About thirty years after writing on the pathetic fallacy, and towards the end of his life as he began to suffer bouts of mental illness, Ruskin wrote about the skies he had been observing and painting for decades. In the lecture The Storm-Cloud of the Nineteenth Century he claimed to have observed a new meteorological phenomenon that had arisen in the early 1870s. He called it the ‘plague wind’: a ‘dry black veil which no ray of sunshine can pierce’, looking as though ‘it were made of dead men’s souls’. When it blew, it blew tremulously, and made the leaves of trees shudder with a fitful distress. Its clouds, made of ‘sulphurous chimney-pot vomit’, were ‘thin, scraggy, filthy, mangy [and] miserable’; they did not redden the sun, but instead blanched it. In the scientific record of England’s climate there is scant actual evidence for the phenomena Ruskin observed (although temperatures in those decades were slightly lower than usual and rainfall slightly higher). But Ruskin’s observations weren’t scientific, they had succumbed to something like the pathetic fallacy he had previously condemned. His lecture, though based in close and highly-tuned personal observation, does more than just record the effect of industrial pollution on the environment, it also claims to see the moral and spiritual decay of England actually written in the sky.

 

Ruskin’s lecture was slightly mad, certainly, but it is a compelling, and relevant, read even today. In the last paragraph Ruskin says: ‘What is best to be done, do you ask me? The answer is plain. Whether you can affect the signs of the sky or not, you can the signs of the times. Whether you can bring the sun back or not, you can assuredly bring back your own cheerfulness, and your own honesty.’

 

Standing at the beginning of the climatic revolution of the twentieth-first century, rather than in the middle of the industrial revolution of nineteenth, perhaps ‘cheerfulness’ is no longer the best word to describe the ongoing communal resilience that will be required of us, but ‘honesty’ certainly is the best word to describe the change needed in our public discourse. To respond appropriately, and scientifically, to the threat of climate change we may need to embrace something like the revelatory vision of Ruskin. Conroy has.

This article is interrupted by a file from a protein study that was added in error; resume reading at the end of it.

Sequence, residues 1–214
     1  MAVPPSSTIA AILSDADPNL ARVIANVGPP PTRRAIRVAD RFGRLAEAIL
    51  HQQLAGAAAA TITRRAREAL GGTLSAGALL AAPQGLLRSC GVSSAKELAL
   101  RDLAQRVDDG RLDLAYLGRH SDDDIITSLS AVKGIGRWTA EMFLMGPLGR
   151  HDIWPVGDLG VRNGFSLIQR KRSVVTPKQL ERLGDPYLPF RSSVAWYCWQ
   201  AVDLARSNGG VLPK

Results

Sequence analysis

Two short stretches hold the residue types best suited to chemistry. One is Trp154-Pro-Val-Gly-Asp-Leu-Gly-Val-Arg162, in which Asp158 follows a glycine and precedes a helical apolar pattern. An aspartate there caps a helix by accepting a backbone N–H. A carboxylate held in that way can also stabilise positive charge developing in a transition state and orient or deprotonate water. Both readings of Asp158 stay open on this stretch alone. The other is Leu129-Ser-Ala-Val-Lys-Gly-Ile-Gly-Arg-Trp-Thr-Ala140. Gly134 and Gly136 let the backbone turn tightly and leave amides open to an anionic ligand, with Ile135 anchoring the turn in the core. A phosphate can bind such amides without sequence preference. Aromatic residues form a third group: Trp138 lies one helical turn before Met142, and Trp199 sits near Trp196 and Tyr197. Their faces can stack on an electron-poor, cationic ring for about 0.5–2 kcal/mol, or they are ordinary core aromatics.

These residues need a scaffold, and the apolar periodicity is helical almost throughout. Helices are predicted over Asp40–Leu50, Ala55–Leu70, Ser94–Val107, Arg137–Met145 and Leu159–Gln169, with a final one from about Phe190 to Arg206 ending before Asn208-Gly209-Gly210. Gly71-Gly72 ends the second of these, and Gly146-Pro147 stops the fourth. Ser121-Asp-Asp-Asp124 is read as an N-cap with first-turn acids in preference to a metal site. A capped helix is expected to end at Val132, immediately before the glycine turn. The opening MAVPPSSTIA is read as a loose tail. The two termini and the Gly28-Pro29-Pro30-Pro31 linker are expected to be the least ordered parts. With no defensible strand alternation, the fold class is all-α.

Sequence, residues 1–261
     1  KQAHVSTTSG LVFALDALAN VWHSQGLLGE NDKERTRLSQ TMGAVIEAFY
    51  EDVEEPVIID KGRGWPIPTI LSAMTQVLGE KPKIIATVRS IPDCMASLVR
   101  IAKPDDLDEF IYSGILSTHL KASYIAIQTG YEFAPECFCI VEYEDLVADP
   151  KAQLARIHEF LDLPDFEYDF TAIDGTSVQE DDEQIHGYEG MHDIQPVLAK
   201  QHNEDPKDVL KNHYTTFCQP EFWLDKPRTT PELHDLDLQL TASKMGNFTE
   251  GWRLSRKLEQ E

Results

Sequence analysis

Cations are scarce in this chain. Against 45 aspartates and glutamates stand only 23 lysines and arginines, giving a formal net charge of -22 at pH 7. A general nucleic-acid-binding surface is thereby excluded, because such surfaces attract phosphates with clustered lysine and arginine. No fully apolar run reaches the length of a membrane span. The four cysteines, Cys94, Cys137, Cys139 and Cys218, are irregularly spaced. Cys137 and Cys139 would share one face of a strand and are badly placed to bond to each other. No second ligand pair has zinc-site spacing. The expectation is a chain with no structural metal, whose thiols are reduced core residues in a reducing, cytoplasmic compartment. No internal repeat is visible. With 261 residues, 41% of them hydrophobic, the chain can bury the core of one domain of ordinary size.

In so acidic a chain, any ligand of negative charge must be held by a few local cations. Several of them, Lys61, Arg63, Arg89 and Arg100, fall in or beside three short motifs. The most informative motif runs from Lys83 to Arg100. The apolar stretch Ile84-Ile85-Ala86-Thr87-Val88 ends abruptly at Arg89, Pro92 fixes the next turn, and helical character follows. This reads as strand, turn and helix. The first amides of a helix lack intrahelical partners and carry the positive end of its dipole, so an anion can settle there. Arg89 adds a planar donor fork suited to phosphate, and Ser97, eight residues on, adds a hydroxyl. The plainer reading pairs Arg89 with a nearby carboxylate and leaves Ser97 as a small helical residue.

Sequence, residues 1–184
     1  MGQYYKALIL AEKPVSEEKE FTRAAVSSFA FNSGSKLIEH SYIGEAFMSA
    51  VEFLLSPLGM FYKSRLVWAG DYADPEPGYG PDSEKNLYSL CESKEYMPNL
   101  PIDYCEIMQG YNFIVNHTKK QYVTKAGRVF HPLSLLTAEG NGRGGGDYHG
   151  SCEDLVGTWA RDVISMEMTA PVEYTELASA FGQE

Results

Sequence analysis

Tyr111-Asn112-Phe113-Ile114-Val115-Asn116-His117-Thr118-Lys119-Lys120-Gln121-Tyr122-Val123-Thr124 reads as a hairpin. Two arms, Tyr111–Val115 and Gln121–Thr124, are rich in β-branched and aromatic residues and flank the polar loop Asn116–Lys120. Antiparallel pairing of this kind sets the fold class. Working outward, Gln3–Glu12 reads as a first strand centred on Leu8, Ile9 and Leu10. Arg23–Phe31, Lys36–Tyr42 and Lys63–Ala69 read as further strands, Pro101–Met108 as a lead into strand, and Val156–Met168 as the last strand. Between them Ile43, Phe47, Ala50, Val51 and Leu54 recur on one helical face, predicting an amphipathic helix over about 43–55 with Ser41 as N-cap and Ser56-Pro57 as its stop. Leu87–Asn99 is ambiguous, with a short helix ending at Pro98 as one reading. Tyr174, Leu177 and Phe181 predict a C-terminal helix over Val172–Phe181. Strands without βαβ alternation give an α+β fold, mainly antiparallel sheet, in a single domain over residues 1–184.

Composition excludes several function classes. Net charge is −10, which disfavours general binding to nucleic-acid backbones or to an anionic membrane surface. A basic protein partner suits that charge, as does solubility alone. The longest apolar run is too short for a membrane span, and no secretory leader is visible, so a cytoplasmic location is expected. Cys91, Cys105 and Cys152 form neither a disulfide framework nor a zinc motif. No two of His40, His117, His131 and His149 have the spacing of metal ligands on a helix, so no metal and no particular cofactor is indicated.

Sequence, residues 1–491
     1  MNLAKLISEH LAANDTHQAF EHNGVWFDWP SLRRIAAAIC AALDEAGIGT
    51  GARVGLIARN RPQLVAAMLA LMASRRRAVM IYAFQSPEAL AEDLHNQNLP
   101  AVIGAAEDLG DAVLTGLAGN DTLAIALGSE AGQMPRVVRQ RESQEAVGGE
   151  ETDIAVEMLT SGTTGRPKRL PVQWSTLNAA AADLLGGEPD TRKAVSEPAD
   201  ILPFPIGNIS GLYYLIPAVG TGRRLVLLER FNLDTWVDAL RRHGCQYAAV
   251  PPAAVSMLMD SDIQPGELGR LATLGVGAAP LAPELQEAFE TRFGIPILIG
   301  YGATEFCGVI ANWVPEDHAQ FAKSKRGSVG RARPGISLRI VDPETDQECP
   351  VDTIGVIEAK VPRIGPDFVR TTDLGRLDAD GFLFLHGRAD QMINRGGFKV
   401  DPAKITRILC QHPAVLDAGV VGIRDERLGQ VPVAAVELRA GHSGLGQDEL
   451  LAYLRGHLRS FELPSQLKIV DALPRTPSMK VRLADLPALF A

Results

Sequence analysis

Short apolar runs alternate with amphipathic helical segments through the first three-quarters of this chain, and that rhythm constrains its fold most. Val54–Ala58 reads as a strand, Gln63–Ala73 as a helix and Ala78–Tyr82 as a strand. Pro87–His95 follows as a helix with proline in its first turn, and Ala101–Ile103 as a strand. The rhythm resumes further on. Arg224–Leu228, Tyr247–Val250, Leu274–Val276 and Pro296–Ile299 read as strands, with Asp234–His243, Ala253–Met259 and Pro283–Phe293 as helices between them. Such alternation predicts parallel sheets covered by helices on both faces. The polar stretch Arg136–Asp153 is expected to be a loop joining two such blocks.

Martyn Jolly

 

John Ruskin, ‘Of The Pathetic Fallacy’, Modern Painters, Volume 3, Part 4, 1856

John Ruskin, The Storm-Cloud of the Nineteenth Century, 1884

Brian J Day, ‘The Moral Intuition of Ruskin’s ‘Storm-Cloud’’, SEL Studies in English Literature 1500-1900, Volume 45, Number 4, Autumn 2005, pp917-933

 

Rowan Conroy, 'Natura Naturans', 2014

Rowan Conroy, ‘Natura Naturans’, 2014

Rowan Conroy, 'Natura Naturans', 2014

Rowan Conroy, ‘Natura Naturans’, 2014

Rowan Conroy, 'Natura Naturans', 2014

Rowan Conroy, ‘Natura Naturans’, 2014

Rowan Conroy, 'Natura Naturans', 2014

Rowan Conroy, ‘Natura Naturans’, 2014

Rowan Conroy, 'Natura Naturans', 2014

Rowan Conroy, ‘Natura Naturans’, 2014

Rowan Conroy, 'Natura Naturans', 2014

Rowan Conroy, ‘Natura Naturans’, 2014

Rowan Conroy, 'Natura Naturans', 2014

Rowan Conroy, ‘Natura Naturans’, 2014

Rowan Conroy, 'Natura Naturans', 2014

Rowan Conroy, ‘Natura Naturans’, 2014

Rowan Conroy, 'Natura Naturans', 2014

Rowan Conroy, ‘Natura Naturans’, 2014

Rowan Conroy, 'Natura Naturans', 2014

Rowan Conroy, ‘Natura Naturans’, 2014

Rowan Conroy, 'Natura Naturans', 2014

Rowan Conroy, ‘Natura Naturans’, 2014

Rowan Conroy, 'Natura Naturans', 2014

Rowan Conroy, ‘Natura Naturans’, 2014

Rowan Conroy, 'Natura Naturans', 2014

Rowan Conroy, ‘Natura Naturans’, 2014

Rowan Conroy, 'Natura Naturans', 2014

Rowan Conroy, ‘Natura Naturans’, 2014

Rowan Conroy, 'Natura Naturans', 2014

Rowan Conroy, ‘Natura Naturans’, 2014

Rowan Conroy, 'Natura Naturans', 2014

Rowan Conroy, ‘Natura Naturans’, 2014

Rowan Conroy, 'Natura Naturans', 2014

Rowan Conroy, ‘Natura Naturans’, 2014